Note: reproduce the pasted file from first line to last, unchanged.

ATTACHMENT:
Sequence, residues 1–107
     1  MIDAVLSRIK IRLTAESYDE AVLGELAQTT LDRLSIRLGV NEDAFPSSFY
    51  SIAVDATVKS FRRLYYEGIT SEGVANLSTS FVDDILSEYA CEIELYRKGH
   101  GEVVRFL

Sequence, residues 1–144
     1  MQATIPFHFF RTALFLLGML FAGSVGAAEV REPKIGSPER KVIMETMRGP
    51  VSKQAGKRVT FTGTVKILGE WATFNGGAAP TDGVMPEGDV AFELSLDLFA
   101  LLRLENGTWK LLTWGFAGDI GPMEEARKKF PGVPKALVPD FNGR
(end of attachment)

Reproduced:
Sequence, residues 1–107
     1  MIDAVLSRIK IRLTAESYDE AVLGELAQTT LDRLSIRLGV NEDAFPSSFY
    51  SIAVDATVKS FRRLYYEGIT SEGVANLSTS FVDDILSEYA CEIELYRKGH
   101  GEVVRFL

Sequence, residues 1–144
     1  MQATIPFHFF RTALFLLGML FAGSVGAAEV REPKIGSPER KVIMETMRGP
    51  VSKQAGKRVT FTGTVKILGE WATFNGGAAP TDGVMPEGDV AFELSLDLFA
   101  LLRLENGTWK LLTWGFAGDI GPMEEARKKF PGVPKALVPD FNGR